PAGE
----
Paul Kavanagh




The apartment was small and cheap. It was our first apartment. The walls were porous and there was a fug we could not remove. The landlord was supercilious and cantankerous and treated us as though we were fungus. The landlord had been married five times and was now alone. Our happiness was not contagious. We had jobs and at night if there were nothing on the television we would sit by the window and talk and I would say things like: “Everybody wanted to be a brave Indian back then. Nobody wanted to be a cowboy. I mean, there was a family called Cassidy and a family called McCarty and a family called Ford on every street.” We would laugh, we always laughed. One night I thought I had finished the last piece of sushi, a luxury. In the morning I saw the last piece of sushi still in the fridge. Brushing my teeth, I removed cockroach legs. This still makes us laugh. Our penury we found edifying. We lived next to a place where they put down dogs. The dogs were unwanted because they were deemed strange. Many of the dogs were deformed.  I saw one dog that had five legs. We saw a dog with three eyes. One dog tried to communicate with us and we were sure it was begging for our help.  Another had wings. They were fly’s wings, diaphanous. I watched it fly, but it could never get over the fence, it was too heavy and the wings though big were too light. In the morning I realized the dog with the wings was only a dream. The nights were full of the howls. From our bedroom window as far as the eye could see it was a field of concrete. Housed precariously on the concrete were many little huts. The dogs were kept in the little huts until it was time for them to be injected with the poison. One hot night we sat by the open window. The hot air was humming and heavy with the scent of dogs. The night sky was unblemished and we could see the planets. We could see as far as the imagination. The dogs had not been locked in the little huts. That night we watched an array of different dogs copulate until they fell down with exhaustion.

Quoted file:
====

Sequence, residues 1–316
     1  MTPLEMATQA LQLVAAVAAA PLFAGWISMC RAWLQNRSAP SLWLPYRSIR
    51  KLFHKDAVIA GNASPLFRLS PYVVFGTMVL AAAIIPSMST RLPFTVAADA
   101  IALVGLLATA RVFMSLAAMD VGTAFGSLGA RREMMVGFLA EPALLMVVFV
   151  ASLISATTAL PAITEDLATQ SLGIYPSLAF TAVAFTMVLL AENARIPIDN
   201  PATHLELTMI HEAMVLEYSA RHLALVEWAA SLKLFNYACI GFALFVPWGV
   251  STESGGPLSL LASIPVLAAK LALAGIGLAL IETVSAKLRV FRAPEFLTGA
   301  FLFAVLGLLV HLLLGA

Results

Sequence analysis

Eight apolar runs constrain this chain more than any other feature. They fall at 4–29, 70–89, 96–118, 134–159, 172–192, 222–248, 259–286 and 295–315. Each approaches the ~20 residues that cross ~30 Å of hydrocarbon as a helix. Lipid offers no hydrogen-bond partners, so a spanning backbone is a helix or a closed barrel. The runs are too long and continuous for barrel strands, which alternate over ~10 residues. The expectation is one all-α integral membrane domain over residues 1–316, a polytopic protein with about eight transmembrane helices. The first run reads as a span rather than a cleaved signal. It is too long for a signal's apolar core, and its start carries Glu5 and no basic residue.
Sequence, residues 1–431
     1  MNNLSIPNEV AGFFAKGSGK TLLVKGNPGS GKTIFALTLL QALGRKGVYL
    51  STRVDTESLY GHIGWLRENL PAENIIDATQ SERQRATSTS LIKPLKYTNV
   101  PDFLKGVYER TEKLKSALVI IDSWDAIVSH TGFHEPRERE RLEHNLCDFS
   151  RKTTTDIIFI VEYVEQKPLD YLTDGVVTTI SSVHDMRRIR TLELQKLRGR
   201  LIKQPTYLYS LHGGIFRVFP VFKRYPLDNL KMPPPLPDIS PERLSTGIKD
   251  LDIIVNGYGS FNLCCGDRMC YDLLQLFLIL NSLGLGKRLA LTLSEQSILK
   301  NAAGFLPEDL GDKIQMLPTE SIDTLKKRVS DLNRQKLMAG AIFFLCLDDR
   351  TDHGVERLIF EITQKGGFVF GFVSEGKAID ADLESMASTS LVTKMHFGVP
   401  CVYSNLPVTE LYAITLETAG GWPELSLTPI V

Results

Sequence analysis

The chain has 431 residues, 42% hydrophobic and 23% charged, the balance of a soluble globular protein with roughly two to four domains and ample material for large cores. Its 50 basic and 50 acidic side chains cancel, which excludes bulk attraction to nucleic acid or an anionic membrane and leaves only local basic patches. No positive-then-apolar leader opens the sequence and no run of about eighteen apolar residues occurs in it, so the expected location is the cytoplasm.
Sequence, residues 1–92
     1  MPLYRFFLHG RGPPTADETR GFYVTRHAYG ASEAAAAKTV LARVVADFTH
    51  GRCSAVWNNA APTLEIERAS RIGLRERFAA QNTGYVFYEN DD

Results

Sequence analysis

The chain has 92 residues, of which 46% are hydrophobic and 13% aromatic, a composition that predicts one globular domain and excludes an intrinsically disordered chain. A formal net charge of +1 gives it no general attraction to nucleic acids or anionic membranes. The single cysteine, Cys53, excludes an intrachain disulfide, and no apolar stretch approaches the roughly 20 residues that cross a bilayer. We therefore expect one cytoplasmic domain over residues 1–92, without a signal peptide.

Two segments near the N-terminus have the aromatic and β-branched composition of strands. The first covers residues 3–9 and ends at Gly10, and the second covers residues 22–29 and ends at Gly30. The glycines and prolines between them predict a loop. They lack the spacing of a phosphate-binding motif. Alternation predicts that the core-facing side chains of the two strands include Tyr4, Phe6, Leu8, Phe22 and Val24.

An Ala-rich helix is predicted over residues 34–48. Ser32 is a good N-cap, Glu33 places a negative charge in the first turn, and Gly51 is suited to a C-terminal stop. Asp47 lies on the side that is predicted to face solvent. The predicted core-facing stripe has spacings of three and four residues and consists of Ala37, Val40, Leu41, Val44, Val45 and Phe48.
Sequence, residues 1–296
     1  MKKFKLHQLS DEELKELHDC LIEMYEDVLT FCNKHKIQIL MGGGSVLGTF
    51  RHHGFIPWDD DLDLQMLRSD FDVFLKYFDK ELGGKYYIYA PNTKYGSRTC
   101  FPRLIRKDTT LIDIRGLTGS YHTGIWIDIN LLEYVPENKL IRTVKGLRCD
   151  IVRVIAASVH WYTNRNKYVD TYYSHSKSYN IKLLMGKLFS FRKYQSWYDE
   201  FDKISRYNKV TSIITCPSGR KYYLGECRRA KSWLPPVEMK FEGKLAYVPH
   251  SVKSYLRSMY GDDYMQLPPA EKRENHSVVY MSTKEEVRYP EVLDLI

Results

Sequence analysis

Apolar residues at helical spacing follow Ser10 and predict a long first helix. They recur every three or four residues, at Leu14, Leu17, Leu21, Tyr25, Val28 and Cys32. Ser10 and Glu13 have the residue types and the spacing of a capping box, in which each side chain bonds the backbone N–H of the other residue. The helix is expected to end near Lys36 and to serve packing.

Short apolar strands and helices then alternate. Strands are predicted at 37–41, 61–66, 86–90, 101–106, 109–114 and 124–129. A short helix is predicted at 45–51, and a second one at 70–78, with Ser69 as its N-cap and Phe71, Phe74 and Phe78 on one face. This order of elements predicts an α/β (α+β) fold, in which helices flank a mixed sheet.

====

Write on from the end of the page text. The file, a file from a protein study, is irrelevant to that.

paul kavanagh lives in charlotte

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Jane Lovell




Anonymous, Barrow-in-Furness

He starts early, wheels jagging channels
in the loam, churns his way back and forth,
north to south, in a whirlwind of gulls
and hummingbird angels darting and seeking,
wings skinny with frost.

No one is watching.
He is whistling as dawn unwinds across the fields,
hauling on the wheel to spare worm and beetle,
easing the Fergie gently into the air
above an exodus of spiders.

A jostle of cows arrives at the field edge,
breath hanging in drifts of bramble.
The first rays of sun burnish the bonnet;
he smiles, checks his watch and heads for home
down Salthouse Lane

past rumbling mills bleaching and pulping,
spilling veils of steam to billow on the tide
to Piel Island and beyond
where Stan is on his boat quietly
casting for herring.

It’s a good place to retire, the coast.
He has been here before but no one really
remembers. Here, they just get on.
No one wants to know his name;
no one cares.

Fat sacks of seed rustle in the barn,
manure steams in the chill air,
horses snort and stamp.
There’s a Norton in the milking shed
and a raft of clouds tethered in the orchard.

He keeps to himself; he has the whole earth and sky.